This is why VFX studios can't afford to ignore 8K
CES brought 8K to the world’s attention in January, as some of the biggest players on both the capture and display fronts showcased what they had up their sleeves.
The reception was mixed, and the general consensus within the industry has now become common knowledge: it’ll be a while before 8K TVs become a mass-market proposition.
Yet the prospect of 8K has maintained its allure. Even the more sceptical observers at CES had to concede as much, and that it cannot be dismissed as just another fad. And, although it may be some time before we all have 8K sets in our homes, it’s a far closer reality for those working in production and post - and there’s much to be done in the present.
This is in large part because higher resolution capture at 8K is already making an entry on the production side, and if studios haven’t been receiving 8K plates yet, they’ll need to be ready to work with these within the next year. Cameras capable of capturing 8K have been around for a number of years already, and their adoption in production is on the rise.
In fact, there are tantalizing hints that the 8K breakthrough might come even sooner than we think: following the launch of the world's first 8K broadcast capabilities in Japan in December 2018, hardware and software companies are stepping up to the challenge of producing content that could be broadcast at 8K. One example is the recent launch of the Mistika Ultima bundle from SGO, incorporating software, hardware and storage geared toward finishing at 8K.
An 8K image is four times larger than a 4K image, with more than 33 million pixels in one frame. While having four times the pixel data expands the creative choices that can be made in editorial and post, it introduces significant challenges for pipelines and post production software.
It’s similar to the situation to what we’ve already seen with the introduction of HD and the subsequent transitions into Ultra HD, and then 4K. Productions worked at higher resolution than delivery format because working with 2K to 6K plates enables greater levels of control in post. Working with the highest resolution images possible allows editors more options to crop and reframe shots. The additional data also assists with tasks including object and rig removal, clean-up and roto.
For many pipelines that have only just made the move to working with 4K, now that 4K is becoming the standard for streaming services such as Netflix, the rise of 8K brings fresh challenges. Unlike 4K capture, which initially emerged in large, high end film and broadcast projects, 8K is appearing at all tiers of the market at once. Whether in advertising, VR or episodic content, there are few examples of best practices for building pipelines that can manage these files.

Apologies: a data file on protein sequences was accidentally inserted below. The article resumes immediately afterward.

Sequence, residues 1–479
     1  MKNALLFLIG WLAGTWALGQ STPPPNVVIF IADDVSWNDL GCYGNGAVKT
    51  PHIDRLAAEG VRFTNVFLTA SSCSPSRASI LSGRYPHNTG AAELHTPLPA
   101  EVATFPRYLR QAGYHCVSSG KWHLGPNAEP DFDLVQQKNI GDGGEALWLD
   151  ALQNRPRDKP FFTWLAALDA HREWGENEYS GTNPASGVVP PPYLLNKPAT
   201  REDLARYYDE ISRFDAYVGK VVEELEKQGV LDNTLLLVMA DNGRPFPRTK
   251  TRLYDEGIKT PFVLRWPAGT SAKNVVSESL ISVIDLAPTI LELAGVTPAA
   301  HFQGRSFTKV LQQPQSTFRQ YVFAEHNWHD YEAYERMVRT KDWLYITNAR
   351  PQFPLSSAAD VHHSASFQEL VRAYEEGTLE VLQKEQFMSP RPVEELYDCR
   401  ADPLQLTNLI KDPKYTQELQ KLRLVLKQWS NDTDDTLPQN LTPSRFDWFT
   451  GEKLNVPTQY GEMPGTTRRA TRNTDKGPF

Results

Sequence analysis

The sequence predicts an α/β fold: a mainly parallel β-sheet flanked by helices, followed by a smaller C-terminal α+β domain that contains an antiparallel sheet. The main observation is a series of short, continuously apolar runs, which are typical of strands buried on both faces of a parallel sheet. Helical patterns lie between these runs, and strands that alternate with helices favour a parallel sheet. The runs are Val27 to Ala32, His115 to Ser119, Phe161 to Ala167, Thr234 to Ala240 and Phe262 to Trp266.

Managing these files will require further optimization of compression types, network and local storage, and hard-drive updates - among other significant investments.
We are seeing a resurgence in workflows where files are localized rather than read over a network - because even if you have a high bandwidth network, the files are simply too big to be read efficiently. Providers of Network Attached Storage (NAS) solutions such as OpenDrives, which streamline high-resolution video workflows, could end up big winners here.
Caching, playback and processing
To complicate matters further, the added expense brought by the need to work with these files is not yet aligned with the prices at which studios deliver their work. One area for studios to explore is cloud technology - while adoption of cloud has been slow, the need to dramatically expand storage and easily transfer files is leading many down this avenue.
For creative software providers, 8K files introduce new challenges in caching, playback and processing. Alongside the rise of 8K, many editorial packages have introduced new proxy workflows and presets for working with 8K. Software is also being optimized to efficiently use multiple CPU cores, GPUs and storage to handle the higher data processing requirements.
In addition to the sheer amount of pixel data, cameras also capture large volumes of additional data on color, lens information and location - often in bespoke formats - which require thoughtful transcoding for use in other packages. This, compounded by how fast camera technology is advancing with new cameras, sensors and lenses being used in production before they are publicly released, introduces more challenges for software developers who need to keep up.
Super high resolution alongside high frame rate capture also introduces new opportunities for technology. Research in deep learning and the development of resampling algorithms are underway to resize footage while preserving quality. The additional data available in 8K high frame rate files could also lead to the development of new algorithms for post production tasks like clean up and roto that wouldn’t be possible on lower resolution files.
The issues surrounding 8K are not dissimilar to those the industry has faced before. But they are taking place at a different scale - which means a faster and even more efficient approach will be needed to tackle them.